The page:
Please keep writing :)

Re:Virtual Currency? this is just wrong! (1)

misexistentialist (1537887) | more than 4 years ago | (#32265196)

There is a difference between legal tender and scrip, and people are right to be uneasy about the latter since it is always a way to increase the issuer's profit.

wheeling & dealing on wall street of deceit (0)

Anonymous Coward | more than 4 years ago | (#32263014)

now, you can buy all the phony worth less payper you can eat (help 'em with that robbIE?), but you can only sell your left over payper in the amounts, times, & places specified by the payper co. & its' uncle sam.

they, however, may continue to 'buy', sell & steal where & when the mood strikes them. gooed luck with that.

working our way to a one horse race, one tv channel etc.... no wonder we need 'virtual' 'money'.

where do I go to cash in my beenz (3, Insightful)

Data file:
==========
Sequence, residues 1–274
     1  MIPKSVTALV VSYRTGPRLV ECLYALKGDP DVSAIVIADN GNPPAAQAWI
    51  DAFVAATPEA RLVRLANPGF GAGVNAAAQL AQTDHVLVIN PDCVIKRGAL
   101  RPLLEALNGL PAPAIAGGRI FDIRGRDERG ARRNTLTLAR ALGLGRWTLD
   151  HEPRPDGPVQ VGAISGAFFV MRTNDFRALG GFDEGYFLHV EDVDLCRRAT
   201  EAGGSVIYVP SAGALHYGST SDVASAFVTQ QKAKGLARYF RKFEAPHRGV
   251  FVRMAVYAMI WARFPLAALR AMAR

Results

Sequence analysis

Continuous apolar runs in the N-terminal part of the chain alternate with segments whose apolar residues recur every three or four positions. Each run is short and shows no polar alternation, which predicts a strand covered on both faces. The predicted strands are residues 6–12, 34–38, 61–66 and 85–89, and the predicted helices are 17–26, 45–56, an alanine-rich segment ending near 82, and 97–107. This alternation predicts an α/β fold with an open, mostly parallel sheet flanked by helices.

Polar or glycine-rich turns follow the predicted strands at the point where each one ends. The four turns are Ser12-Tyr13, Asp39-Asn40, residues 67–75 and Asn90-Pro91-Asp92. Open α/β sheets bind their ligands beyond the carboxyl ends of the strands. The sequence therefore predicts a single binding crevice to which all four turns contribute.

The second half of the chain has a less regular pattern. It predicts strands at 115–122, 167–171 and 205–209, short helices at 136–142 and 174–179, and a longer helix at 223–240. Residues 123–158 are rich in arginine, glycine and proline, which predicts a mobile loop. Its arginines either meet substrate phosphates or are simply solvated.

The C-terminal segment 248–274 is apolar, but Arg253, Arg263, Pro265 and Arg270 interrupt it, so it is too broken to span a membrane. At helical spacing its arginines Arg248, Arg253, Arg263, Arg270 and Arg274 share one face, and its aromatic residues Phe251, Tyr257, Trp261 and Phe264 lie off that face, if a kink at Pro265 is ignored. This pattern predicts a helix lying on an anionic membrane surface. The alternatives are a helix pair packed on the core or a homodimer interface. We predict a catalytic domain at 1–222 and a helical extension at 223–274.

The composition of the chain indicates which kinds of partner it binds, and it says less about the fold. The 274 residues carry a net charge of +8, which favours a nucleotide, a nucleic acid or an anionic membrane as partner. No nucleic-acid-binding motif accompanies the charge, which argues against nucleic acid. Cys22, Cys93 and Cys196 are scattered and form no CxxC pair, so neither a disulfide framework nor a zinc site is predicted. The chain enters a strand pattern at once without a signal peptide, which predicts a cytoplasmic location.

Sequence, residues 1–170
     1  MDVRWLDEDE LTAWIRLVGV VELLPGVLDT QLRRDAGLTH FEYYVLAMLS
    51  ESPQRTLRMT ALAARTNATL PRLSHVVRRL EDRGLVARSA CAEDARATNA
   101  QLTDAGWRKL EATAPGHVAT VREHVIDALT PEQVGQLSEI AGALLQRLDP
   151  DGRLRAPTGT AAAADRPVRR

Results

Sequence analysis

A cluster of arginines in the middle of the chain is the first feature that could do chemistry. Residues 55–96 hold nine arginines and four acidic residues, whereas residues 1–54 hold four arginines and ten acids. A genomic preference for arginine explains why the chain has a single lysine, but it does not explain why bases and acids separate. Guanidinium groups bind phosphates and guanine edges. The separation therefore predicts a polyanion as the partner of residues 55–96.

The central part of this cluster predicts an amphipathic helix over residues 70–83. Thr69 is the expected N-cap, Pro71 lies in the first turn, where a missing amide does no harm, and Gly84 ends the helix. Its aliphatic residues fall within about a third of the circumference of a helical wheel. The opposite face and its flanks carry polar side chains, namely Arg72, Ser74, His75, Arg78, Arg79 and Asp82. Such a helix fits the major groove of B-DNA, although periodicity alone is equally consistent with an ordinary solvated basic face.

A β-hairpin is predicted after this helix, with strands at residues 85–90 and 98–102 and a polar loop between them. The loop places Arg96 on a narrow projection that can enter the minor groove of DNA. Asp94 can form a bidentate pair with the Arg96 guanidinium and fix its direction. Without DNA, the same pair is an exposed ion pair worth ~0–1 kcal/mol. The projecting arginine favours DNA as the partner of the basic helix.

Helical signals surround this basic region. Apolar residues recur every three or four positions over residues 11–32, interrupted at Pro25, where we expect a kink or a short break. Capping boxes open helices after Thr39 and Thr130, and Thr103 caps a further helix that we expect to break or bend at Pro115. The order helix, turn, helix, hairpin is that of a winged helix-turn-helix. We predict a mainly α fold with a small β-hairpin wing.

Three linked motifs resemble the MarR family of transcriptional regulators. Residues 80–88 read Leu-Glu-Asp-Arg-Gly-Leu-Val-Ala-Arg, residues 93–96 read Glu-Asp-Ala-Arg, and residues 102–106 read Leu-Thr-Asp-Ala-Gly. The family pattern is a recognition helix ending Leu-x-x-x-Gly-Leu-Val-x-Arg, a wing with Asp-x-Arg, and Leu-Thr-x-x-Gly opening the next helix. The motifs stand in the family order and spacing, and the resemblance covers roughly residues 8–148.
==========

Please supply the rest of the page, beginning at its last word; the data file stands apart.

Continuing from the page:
karmaflux (148909) | more than 4 years ago | (#32263056)

or can I just feed them directly to farmville animals

Re:where do I go to cash in my beenz (0)

Anonymous Coward | more than 4 years ago | (#32264066)

I believe you can also cash them in at flooz.com.

disappointing (1)

Trepidity (597) | more than 4 years ago | (#32263100)

I was hoping this would be a long, drawn-out standoff that somehow ended up damaging both companies.

Worse than DRM. Much worse. (0)

Hurricane78 (562437) | more than 4 years ago | (#32263132)

It’s like DRM: When the server is gone, your “money” is gone. (Yes, technically it’s still fraud. But I don’t see anyone of the retards who would actually use this know about that. Much less sue. And even less win.)